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FPS Board of Ed approves grade-level configuration

By: Sherri Kolade | Farmington Press | Published January 6, 2016

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FARMINGTON/FARMINGTON HILLS — Farmington Public Schools Board of Education members unanimously approved a kindergarten through fifth grade, sixth through eighth grade and ninth through 12th grade configuration during a Dec. 15 school board meeting.

“Is it a perfect configuration? No, but are we building a school district from the ground up with the first shovel for the first building? We are not doing that … so we are going to try to do the best job that we can with what we have … and then look forward to some of the additional decisions that have to be made,” FPS board President Howard Wallach said during the meeting. “Things like buildings, things like district configuration — we need to look at … school start time. … So there are a lot of things that have to be considered, and we have to take that first step, and this seems to be that first step.”

The vote came after the configuration was recommended by FPS Superintendent George Heitsch in November, according to a press release.

The district’s Building and Site Utilization Committee, formed in 2014, was created to generate a long-term strategy for FPS facility and site usage.

The committee foresees the closure or repurposing of some schools, depending on grade configurations, due to decreasing student enrollment.

During a July 21 Board of Education meeting, discussion centered on the recommendation of grade configuration and potentially closing several elementary schools.

The current configurations are kindergarten through fourth grade, fifth through sixth grade, seventh through eighth grade and ninth through 12th grade.

The past configuration suggestions included either kindergarten through fifth grade, sixth through eighth grade and ninth through12th.

Another option was kindergarten through fourth grade, fifth through eighth grade and ninth through 12th.

Some pros for both options include better student and staff development, more time in the elementary school environment, and more operational savings by reducing larger-sized facilities. Some cons include a need to review boundaries for the student population, officials said.

Implementation will take place this fall. This vote does not include a decision on the recommendation regarding school closures/repurposing, which is not expected to go to the board until later this year, according to a press release.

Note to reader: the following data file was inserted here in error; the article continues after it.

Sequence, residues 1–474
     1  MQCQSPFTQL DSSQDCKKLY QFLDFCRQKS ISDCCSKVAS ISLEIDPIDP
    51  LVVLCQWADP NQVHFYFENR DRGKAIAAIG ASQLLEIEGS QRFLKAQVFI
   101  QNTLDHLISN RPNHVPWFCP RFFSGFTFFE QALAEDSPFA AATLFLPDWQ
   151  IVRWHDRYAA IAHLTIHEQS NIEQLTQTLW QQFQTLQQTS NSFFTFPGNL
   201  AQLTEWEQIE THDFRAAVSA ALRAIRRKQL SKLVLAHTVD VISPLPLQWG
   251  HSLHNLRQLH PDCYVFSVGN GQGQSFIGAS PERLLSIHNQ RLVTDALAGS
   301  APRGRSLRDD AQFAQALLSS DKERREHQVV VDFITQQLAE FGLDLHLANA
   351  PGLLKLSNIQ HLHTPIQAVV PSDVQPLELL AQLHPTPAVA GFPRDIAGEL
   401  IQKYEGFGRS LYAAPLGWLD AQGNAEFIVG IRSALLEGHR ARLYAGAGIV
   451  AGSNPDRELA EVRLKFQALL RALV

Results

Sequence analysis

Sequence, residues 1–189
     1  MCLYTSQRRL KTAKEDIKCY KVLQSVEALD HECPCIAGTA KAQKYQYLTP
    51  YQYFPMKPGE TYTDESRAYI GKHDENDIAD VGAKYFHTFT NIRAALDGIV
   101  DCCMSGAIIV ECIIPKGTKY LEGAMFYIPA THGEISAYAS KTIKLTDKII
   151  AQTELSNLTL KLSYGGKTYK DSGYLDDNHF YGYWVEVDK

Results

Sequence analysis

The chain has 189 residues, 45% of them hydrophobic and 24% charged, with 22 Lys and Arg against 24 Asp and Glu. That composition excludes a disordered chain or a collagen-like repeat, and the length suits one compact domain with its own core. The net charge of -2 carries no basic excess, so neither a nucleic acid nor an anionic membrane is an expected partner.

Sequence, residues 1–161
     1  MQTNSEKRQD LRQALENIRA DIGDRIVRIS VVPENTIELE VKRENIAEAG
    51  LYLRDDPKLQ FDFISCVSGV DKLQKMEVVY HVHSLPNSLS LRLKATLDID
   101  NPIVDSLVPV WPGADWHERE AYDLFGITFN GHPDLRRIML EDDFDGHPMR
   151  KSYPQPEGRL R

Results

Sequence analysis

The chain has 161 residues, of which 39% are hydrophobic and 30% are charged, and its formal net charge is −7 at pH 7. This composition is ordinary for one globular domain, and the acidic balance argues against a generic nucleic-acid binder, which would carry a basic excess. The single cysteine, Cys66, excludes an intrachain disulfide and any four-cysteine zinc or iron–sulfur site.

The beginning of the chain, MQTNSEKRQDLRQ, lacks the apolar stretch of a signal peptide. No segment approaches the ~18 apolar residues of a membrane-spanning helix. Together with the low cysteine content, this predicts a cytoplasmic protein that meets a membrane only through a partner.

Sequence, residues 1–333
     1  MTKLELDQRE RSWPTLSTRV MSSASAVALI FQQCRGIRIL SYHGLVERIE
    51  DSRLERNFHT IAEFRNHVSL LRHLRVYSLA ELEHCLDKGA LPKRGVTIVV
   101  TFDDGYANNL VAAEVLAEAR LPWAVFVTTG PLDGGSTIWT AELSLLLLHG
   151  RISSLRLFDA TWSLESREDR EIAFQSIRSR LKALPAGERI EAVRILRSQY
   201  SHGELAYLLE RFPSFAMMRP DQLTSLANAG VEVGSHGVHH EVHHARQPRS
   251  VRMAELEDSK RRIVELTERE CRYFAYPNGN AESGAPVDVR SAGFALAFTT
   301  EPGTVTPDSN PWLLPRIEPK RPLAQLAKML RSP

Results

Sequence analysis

Many school board trustees thanked the public for their input via emails sent to trustees, community forums, sessions and public comment at school board meetings.

Trustee Terry Johnson thanked the entire community for the feedback.

“Obviously, some people are not going to be as happy as others — in the end, I want to make sure I say thank you, and I hope the community understands,” Johnson said, adding that the children’s education, and what is in their best interest, is the top priority.

The first step includes having the current fourth-graders remain in their elementary schools as fifth-graders for the 2016-17 school year, according to a press release.

Board Vice President Sheilah Clay said that as someone who has been on the school board for a while, this is the first time she has been faced with grade configuration for the district.

“Absolutely everyone sitting here understands the impact of our decision tonight on the next decision, which is related to buildings,” she said.

“We had heard a lot of input from the community, which was absolutely invaluable to us.”
Trustee Jessica Cummings said the grade configuration is a “challenging decision” the school board has to make.

“I don’t take them lightly,” she said. “I’ve also considered the community input and looking at this decision as the first step.”
Trustee Terri Weems said she has been engaged in discussions about facilities since the fall of 2014 as a member of the Building and Site Utilization Committee.

“This is something that I have been thinking about for a very long time,” she said. “Members of that committee all acknowledged that we needed to reduce our footprint, but no one was excited about the possibility of building closures.”

She added that she believes the configuration recommendation is the “best option for our district.”

Johnson questioned Heitsch on why the school district couldn’t have a K-7 or K-8 configuration.

Heitsch said there are some physical and transitional limitations to the school district with that option.

“I would like to remind everybody (that) no matter what we do with the K-8 footprint, we’re still in a dilemma (with) 9-12 with a lack of students. If we are going to go K-8 … we still have a secondary student population issue to deal with: 9-12,” he said.